Another high-profile case was the murder of Giulio Regeni, an Italian Cambridge University graduate student killed in Cairo following his abduction on January 25, 2016;[45] He was a Ph.D. student researching Egypt's independent trade unions.[46][47] Regeni's mutilated and half-naked corpse was found in a ditch alongside the Cairo-Alexandria highway on the outskirts of Cairo on February 3, 2016. His recovered body showed signs of extreme torture like contusions and abrasions, extensive bruising from kicks, punches, and assault with a stick, more than two dozen bone fractures, a brain hemorrhage and a broken cervical vertebra, which ultimately caused death.[48][49] The Egyptian police was strongly suspected of involvement in his murder in Europe,[50] although Egypt's media and government deny this, alleging secret undercover agents belonging to the Muslim Brotherhood in Egypt carried out the crime in order to embarrass the Egyptian government and destabilize relations between Italy and Egypt.[51][52]

In the 2016 United Nations Security Council election, Gentiloni and his Dutch counterpart Bert Koenders agreed on splitting a two-year term on the United Nations Security Council after the United Nations General Assembly was deadlocked on whether to choose Italy or the Netherlands following five rounds of voting for the last remaining 2017–18 seat.[53] Such arrangements were relatively common in deadlocked elections starting in the late 1950s until 1966, when the Security Council was enlarged. This however would be the first time in over five decades that two members agreed to split a term; intractable deadlocks have instead usually been resolved by the candidate countries withdrawing in favor of a third member state.

Prime Minister of ItalyEdit

 
Gentiloni with Matteo Renzi during the swearing-in ceremony.

On 7 December 2016, Prime Minister Matteo Renzi announced his resignation, following the rejection of his proposals to overhaul the Italian Senate in the 2016 Italian constitutional referendum. A few days later, on 11 December 2016, Gentiloni was asked by President Mattarella to form a new government.[54] On the following day Gentiloni was officially sworn in as the new head of the government.[55]

He led a coalition government supported by his own Democratic Party and the Christian democratic Popular Area, composed of the New Centre-Right and the Centrists for Italy. This was the same majority that had supported Renzi's government for almost three years.[56] Meanwhile, the centrist Liberal Popular Alliance (ALA), led by Denis Verdini, did not support the new cabinet because no member of the ALA was appointed as a minister.[57]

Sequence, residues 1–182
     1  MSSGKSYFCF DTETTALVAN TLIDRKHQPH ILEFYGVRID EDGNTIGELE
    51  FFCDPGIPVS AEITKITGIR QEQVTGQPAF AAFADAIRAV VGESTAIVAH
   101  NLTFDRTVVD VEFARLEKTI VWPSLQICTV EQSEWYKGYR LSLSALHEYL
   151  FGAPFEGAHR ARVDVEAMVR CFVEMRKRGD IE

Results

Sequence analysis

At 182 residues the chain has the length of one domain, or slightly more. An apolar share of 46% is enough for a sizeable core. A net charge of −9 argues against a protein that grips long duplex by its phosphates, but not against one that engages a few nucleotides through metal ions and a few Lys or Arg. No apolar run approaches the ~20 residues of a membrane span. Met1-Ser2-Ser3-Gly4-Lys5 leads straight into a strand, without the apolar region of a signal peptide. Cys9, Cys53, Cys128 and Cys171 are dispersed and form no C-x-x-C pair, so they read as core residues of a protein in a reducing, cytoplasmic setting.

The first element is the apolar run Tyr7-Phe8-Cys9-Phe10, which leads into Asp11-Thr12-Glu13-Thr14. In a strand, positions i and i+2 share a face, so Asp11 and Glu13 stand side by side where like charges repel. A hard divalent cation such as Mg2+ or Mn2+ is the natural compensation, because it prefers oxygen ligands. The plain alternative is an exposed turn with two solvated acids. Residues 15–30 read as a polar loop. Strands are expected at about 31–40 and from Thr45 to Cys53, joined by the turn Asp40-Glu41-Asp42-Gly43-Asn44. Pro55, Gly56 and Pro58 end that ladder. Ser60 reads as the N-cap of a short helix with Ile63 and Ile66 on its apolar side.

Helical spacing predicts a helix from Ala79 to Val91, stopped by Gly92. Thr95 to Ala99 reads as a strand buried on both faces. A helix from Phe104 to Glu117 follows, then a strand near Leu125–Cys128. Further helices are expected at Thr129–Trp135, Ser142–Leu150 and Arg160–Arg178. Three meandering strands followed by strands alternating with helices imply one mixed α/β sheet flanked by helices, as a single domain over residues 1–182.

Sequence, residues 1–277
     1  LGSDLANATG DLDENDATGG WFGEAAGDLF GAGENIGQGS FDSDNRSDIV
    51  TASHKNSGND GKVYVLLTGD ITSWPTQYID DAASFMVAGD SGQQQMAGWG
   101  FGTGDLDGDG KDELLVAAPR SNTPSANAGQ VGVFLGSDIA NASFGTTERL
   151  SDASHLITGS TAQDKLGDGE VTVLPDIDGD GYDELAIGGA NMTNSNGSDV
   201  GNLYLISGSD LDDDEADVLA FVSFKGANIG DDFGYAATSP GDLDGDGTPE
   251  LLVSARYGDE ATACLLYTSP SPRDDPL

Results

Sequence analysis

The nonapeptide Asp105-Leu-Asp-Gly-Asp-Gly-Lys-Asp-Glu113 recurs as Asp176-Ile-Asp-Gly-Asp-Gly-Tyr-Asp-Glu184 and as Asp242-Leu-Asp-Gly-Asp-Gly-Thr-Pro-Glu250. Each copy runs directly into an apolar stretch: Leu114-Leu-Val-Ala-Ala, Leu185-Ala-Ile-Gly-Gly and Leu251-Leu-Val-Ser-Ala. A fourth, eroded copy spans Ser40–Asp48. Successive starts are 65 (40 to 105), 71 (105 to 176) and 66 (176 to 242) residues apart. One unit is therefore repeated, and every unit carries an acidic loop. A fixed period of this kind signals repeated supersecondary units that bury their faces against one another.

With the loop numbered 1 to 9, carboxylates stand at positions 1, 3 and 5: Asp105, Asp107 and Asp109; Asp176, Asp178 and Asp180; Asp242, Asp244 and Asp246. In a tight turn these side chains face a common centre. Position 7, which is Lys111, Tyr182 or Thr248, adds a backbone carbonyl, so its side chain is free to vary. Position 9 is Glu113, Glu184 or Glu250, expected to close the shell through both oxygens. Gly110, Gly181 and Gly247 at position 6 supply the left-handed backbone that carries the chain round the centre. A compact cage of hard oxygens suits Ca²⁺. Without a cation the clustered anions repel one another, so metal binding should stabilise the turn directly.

On 13 December his cabinet won a confidence vote in the Chamber of Deputies, with 368 votes for and 105 against, while the deputies of the Five Star Movement and the Lega Nord left the chamber.[58] On the following day the government also won a confidence vote in the Senate of the Republic, with 169 votes for and 99 against.[59]

On 29 December deputy ministers of the Democratic Party, New Centre-Right, as well as the Italian Socialist Party and Solidary Democracy, were appointed. After the split of the Democrats and Progressives from the Democratic Party, that party was presented by one deputy minister in the government.

On 19 July 2017 Gentiloni became Minister of Regional Affairs ad interim, after the resignation of Enrico Costa, member of Popular Alternative, who often criticized Gentiloni's views and ideas, especially regarding immigration and birthright citizenship.[60]

On 24 March 2018, following the elections of the presidents of the two houses of the Italian Parliament, Roberto Fico (M5S) and Maria Elisabetta Alberti Casellati (FI), Gentiloni resigned his post to President Mattarella;[61][62] however he remained in office until 1 June, when Giuseppe Conte was sworn in as the new Prime Minister, at the head of a populist coalition composed by the M5S and the League.[63][64]

Social policiesEdit

 
Gentiloni with Pope Francis in June 2017.

On 19 May 2017, the Council of Ministers, on the proposal of Prime Minister Gentiloni and Health Minister Beatrice Lorenzin, approved a decree law containing urgent vaccine prevention measures that reintroduced the mandatory vaccination, bringing the number of mandatory vaccines from 4 to 12 and not allowing those who have not been vaccinated to attend school.[65][66]

On 14 December 2017, the Parliament officially approved a law concerning the advance healthcare directive, better known as "living will", a legal document in which a person specifies what actions should be taken for their health if they are no longer able to make decisions for themselves because of illness or incapacity. With this law, living will has become legal in Italy.[67] The law also provided the refusal of end-of-life cares.[68] The bill was harshly opposed by many Christian democratic and social conservative politicians of Forza Italia, Lega Nord, Brothers of Italy and even PD's ally Popular Alternative, while it was supported by PD, Five Star Movement, Democratic and Progressive Movement and Italian Left.[69]